I’m a people pleaser, a helper, and a fixer. I always have been! When I was little, my dolls used to get upset with me when I played with one of them more than the others, so I made up a rotation schedule to ensure that I played with all of them equally. When my favorite teddy bear had to get a “bath” in the washing machine, I made my mom open the lid of the washer to prove to me that Stephy was simply swimming and hadn’t drowned in the water because I wanted to make sure she was okay. I was a very imaginative child with a big heart and a desire to help everyone around me.
Flash forward to present day: I’m a strong, independent, sometimes stubborn business owner who still has a hard time saying “no” to people. It’s not that I avoid confrontation… I simply love new projects, enjoy exploring new ideas, want to be as open and as welcoming and as helpful as possible, and have a difficult time balancing that with the reality of my time, energy, and budget. Sound familiar?
When I first asked DevRel professionals about the hardest parts of their job, one topic that came up often was how difficult it is to say “no” to coworkers, managers, and worst of all, our company stakeholders. So how do we get to a point where we can say no in a way that not only leaves us guilt-free but also helps others understand and accept our answer?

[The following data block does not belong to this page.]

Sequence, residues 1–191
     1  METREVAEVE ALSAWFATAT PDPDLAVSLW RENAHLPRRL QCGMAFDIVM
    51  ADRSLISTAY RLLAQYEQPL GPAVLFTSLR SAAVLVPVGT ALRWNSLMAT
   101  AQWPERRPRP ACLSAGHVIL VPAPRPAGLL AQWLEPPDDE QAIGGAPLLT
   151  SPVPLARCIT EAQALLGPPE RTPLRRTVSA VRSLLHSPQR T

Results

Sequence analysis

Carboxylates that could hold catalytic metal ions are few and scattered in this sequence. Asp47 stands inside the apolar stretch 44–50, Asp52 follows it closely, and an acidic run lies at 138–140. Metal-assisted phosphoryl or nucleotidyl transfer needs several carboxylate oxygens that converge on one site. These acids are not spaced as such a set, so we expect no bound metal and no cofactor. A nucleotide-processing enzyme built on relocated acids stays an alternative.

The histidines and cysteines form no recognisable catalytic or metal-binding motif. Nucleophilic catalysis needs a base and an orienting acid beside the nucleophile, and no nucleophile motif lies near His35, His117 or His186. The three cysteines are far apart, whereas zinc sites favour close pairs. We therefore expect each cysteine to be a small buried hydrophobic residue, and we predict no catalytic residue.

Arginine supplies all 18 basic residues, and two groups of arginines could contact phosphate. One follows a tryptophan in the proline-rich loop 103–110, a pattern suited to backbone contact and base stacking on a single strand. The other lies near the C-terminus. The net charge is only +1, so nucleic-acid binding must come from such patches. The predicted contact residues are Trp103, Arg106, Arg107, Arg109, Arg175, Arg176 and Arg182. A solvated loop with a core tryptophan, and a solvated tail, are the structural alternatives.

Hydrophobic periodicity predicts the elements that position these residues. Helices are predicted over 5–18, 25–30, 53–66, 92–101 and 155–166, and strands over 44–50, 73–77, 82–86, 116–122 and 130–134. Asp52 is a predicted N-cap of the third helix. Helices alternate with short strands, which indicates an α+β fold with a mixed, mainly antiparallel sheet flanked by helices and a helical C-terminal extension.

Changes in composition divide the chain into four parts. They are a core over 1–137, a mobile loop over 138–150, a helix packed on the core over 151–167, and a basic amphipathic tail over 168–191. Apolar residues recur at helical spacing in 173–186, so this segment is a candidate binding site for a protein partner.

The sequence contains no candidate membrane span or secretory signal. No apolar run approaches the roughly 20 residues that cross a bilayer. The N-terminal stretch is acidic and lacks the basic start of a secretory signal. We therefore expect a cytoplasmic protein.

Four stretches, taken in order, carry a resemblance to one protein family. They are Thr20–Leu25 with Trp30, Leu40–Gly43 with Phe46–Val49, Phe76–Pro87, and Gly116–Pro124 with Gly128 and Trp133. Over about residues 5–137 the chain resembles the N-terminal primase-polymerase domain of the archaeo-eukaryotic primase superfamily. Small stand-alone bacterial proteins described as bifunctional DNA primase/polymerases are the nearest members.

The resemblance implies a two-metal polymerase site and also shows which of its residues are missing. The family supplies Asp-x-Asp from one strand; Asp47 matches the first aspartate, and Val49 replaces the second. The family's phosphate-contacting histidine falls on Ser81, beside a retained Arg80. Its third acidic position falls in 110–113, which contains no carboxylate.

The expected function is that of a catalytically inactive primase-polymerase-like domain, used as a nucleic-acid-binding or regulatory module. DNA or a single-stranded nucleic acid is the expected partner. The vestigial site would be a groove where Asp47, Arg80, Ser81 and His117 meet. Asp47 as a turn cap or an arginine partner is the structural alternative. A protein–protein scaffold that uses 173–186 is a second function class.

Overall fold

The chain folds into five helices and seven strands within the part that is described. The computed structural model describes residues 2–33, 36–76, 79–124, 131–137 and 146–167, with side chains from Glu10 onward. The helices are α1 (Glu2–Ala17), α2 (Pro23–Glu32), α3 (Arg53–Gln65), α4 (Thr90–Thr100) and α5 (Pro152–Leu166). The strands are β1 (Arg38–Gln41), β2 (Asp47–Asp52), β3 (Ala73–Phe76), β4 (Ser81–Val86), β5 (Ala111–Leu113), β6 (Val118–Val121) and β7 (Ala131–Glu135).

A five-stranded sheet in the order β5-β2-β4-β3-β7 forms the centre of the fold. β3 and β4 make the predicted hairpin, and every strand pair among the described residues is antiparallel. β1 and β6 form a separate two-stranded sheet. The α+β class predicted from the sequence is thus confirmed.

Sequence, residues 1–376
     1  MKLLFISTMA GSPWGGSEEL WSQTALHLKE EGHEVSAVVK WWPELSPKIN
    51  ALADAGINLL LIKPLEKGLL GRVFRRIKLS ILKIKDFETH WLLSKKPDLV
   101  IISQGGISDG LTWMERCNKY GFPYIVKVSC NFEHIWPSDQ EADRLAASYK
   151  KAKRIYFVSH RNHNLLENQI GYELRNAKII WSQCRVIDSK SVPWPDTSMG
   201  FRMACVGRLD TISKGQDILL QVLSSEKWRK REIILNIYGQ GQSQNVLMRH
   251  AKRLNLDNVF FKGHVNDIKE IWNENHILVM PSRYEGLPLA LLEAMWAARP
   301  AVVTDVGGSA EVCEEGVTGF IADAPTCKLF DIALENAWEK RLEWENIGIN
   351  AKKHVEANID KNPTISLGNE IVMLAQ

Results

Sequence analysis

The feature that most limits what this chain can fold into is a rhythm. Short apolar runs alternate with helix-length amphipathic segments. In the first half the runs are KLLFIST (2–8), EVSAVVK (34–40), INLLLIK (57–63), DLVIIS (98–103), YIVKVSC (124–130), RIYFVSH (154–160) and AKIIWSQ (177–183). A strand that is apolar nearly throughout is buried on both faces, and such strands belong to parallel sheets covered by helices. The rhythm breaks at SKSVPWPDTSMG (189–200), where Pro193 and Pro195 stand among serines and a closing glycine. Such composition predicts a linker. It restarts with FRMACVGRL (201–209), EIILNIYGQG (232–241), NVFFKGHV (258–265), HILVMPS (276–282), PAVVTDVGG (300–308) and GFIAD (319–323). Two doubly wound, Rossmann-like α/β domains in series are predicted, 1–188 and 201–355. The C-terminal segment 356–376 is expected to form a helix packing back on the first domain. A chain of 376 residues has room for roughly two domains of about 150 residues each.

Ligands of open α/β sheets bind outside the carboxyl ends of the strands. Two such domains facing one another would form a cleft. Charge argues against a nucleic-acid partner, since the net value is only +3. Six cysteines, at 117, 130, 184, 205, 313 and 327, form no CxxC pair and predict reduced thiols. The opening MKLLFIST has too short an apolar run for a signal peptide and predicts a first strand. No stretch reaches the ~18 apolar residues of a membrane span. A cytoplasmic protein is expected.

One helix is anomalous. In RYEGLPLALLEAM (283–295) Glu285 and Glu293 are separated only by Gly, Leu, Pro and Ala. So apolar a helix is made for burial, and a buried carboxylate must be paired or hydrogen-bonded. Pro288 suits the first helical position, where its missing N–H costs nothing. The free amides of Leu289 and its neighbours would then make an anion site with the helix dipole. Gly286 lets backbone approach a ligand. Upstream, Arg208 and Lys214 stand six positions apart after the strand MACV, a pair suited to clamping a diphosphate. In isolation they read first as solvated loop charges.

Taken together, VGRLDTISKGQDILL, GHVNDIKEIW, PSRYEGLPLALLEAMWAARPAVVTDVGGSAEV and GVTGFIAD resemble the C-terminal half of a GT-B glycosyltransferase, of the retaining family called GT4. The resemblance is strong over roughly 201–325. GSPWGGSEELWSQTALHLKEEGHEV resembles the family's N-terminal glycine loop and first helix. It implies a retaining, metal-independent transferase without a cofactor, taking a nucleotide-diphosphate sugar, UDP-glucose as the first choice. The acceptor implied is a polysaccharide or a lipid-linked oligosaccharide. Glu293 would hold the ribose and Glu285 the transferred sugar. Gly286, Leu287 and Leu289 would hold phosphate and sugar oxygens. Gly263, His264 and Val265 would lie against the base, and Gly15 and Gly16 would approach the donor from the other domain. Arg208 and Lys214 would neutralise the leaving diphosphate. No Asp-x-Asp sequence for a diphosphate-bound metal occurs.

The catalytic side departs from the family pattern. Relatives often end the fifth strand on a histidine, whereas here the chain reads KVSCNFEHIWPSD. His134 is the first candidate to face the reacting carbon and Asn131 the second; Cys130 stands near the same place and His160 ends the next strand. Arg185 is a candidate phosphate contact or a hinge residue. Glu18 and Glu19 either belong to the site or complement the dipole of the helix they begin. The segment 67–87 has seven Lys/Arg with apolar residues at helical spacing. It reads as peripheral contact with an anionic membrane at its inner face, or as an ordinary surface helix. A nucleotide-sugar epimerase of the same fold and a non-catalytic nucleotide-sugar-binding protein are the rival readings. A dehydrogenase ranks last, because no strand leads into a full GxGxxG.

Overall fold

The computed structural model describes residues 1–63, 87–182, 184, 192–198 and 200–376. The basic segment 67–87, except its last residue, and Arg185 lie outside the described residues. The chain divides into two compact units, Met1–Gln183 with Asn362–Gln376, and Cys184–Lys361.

Define Your Goals
As I mentioned in the first post of this series, having a clearly defined team mission is the first step on this path to freedom, as each request can be evaluated against the mission and goals. When there are questions of prioritization or whether a particular goal is a good fit, it provides a “North Star” for you to refer back to. It’s also useful for your colleagues, as it helps delineate what is (and isn’t!) your responsibility.
This mentality allows you to clearly lay out your current priorities and how they relate back to the overarching company goals. You can easily identify how much time each one is taking and whether you have the time to take on another large project. If you’ve got too much on your plate, this awareness of why the current goals are important makes it easier to explain that unless this new project will have more impact on the team goals, you won’t be able to take it on at this time.
Know Your Data
Having data to back up your decisions is the second step. By knowing the “why” behind your priorities you’ll be better equipped to defend your decisions. Perhaps you’ve done research into your various developer personas and know that your core audience tends to prefer Vue over React, even thought React has been what most of your customers have gravitated to in the past. Because you’ve done your research and know that Vue is the best area for you to expand into, you’re able to turn down projects that are focused more purely on React, and you have data to prove it.
As a client of mine said recently, “We may be wrong, but at least we’re not confused!” While you hopefully won’t find yourself in a position where your data has led you astray, if you can show your work as we were required to do in middle school Geometry class, you can build a strong case for why you’re pursuing a particular audience, writing particular content, or not letting yourself getting pulled into various projects that aren’t in pursuit of a singular goal.